The present invention is ideal for prototyping and deploying low-to-moderate volume implementations of high-bandwidth algorithms, which have processing requirements split between (a) high iteration, low-numeric-agility, ‘wide’ loadings, (b) moderate iteration, high-numerical-precision loadings and (c) low-iteration, highly conditional loadings, without the commensurate problems inherent in the custom ASIC, joint FPGA/DSP/RISC (or even direct compilation to FPGA) solutions.
To date, the possibility of combining a PGA section, DSP core and RISC core onto a programmable single chip device has not been recognised. A prime reason for this is that PGA design, DSP core design and RISC core designs have each been separate technical disciplines, performed by entirely different companies. Further, PGA, DSP and RISC designers typically lack knowledge of the applicable communications applications; yet without this knowledge, the motivation and skills to conceive the present invention is entirely lacking. Another practical barrier to the conception of the present invention is that its practical viability relies on the existence of an effective integrated development environment and run-time virtual machine (see below). Yet to date, these have been unavailable. Hence, as a practical reality therefore, integrating all three computational entities into a single-chip device has therefore not been on any companies' roadmap.
Preferably, the single-chip device further comprises a FLASH store for the gate configuration and DSP and RISC software, RAM for working store and program store when the DSP and RISC devices are running, and fast, DMA-controlled I/O ports (parallel and serial) through which the device can pass data to and from the outside world (e.g., from an ADC or to a DAC).
In one preferred embodiment, the various computational elements are able to pass data between each other using a number of dedicated buses in addition to the common data/address bus.
A common virtual machine (VM) platform may be included for use across the three computational elements, providing a common API for data transfer, concurrency signalling, peripheral and bus contention control etc.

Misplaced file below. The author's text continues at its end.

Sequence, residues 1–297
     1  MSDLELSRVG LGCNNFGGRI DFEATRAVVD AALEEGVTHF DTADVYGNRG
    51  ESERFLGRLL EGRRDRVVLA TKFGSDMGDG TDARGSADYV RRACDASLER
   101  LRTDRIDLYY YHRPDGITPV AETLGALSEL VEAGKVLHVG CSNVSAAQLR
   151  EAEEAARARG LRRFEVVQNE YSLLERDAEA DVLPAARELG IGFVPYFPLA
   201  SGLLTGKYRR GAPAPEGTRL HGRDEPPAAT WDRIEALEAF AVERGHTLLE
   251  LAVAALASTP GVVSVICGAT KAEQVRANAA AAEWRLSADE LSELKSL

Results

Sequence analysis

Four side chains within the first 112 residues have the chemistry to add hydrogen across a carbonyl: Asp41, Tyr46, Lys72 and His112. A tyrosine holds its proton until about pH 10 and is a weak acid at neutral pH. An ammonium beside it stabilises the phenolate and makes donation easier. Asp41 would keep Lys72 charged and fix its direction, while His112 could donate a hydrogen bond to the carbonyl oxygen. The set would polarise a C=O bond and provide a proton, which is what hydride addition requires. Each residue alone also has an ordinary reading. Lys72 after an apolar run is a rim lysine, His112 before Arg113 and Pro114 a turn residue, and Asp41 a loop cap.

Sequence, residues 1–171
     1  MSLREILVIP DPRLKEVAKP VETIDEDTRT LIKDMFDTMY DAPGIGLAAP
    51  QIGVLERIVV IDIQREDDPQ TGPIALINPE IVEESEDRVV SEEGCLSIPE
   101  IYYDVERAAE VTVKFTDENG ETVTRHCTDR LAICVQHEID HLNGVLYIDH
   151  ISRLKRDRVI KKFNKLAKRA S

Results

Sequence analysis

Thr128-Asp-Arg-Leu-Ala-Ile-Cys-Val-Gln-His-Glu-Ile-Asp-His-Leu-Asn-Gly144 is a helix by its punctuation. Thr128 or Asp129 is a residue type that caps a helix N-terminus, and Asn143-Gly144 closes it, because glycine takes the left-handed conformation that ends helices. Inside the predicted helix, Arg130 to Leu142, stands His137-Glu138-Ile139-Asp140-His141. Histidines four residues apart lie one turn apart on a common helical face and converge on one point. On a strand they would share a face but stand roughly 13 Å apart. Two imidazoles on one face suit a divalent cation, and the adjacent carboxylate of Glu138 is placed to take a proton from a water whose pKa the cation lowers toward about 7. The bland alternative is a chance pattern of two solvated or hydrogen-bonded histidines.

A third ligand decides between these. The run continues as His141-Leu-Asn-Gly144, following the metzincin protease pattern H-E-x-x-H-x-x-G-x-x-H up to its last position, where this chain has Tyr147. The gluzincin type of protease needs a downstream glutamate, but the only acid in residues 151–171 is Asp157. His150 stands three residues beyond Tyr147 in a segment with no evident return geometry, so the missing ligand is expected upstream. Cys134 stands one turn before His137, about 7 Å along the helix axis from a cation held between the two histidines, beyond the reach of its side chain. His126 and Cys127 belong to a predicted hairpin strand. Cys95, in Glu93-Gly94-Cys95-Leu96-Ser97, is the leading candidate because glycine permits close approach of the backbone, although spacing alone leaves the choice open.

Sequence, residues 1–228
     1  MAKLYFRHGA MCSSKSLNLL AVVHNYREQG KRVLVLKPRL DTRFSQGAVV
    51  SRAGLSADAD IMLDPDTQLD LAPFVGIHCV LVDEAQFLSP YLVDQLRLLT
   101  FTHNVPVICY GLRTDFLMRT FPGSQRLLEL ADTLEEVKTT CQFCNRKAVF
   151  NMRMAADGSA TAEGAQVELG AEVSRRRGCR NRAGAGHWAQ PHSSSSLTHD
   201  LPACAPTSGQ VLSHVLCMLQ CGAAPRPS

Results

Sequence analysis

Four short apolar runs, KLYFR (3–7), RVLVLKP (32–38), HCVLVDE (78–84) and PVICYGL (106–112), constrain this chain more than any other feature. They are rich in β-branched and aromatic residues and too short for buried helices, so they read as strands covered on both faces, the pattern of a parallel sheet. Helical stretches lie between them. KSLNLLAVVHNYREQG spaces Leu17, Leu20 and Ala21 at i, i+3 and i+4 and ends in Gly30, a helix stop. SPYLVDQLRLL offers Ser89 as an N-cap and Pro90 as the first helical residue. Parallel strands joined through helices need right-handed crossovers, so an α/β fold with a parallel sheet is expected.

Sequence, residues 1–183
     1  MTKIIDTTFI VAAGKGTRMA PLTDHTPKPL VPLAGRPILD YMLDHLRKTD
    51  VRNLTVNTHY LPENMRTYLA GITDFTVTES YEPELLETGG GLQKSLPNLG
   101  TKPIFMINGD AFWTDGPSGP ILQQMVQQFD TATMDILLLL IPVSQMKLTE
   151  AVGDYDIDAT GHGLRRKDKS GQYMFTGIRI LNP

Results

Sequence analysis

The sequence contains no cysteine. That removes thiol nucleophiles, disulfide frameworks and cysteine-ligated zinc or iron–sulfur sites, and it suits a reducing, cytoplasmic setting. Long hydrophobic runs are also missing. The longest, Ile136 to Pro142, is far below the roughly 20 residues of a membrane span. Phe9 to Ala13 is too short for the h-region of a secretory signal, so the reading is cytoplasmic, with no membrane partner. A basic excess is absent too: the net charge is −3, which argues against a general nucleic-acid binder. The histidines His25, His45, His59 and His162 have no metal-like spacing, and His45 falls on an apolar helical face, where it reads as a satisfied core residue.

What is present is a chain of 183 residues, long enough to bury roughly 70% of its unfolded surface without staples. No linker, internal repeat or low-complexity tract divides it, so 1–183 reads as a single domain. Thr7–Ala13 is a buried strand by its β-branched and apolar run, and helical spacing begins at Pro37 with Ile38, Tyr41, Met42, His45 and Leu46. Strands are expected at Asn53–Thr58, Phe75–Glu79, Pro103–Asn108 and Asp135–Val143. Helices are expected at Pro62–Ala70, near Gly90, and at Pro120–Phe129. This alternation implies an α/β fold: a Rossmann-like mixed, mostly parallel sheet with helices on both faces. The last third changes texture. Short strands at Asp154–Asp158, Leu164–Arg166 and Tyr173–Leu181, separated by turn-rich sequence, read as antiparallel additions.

In another aspect, there is provided a development environment for the single-chip device, in which the environment comprises compilers for HDL (for the PGA section), and assemblers for both the DSP and RISC core, and appropriate high-level compilers for the DSP and RISC core also (e.g., C++, C). The development environment may also support the use of ‘high level’ gate-description development languages (such as Handel-C).
The development environment may contain a set of system-spanning simulation and timing tools to enable straightforward design verification, and may also contain a set of libraries implementing common, useful functions not directly provided at the virtual machine layer. The development environment also contains driver code (and appropriate hardware (e.g., a JTAG card) to enable the compiled total system description (TSD, consisting of e.g., a JDEC fuse map for the PGA, together with machine code for the DSP and RISC cores and any appropriate lookup tables, etc.) to be uploaded into the single-chip device. Automatic migration to an ASIC can be achieved using the compiled total system description. The development environment may also contain the ability to run a real-time source level debugger. Because of the unique architecture, users are able to set breakpoints anywhere in the system description, regardless of whether the module in question executes over the PGA, DSP or RISC computational substrate. A common virtual machine may be provided for the development of each of the three computational elements, enabling algorithm mobility across these elements.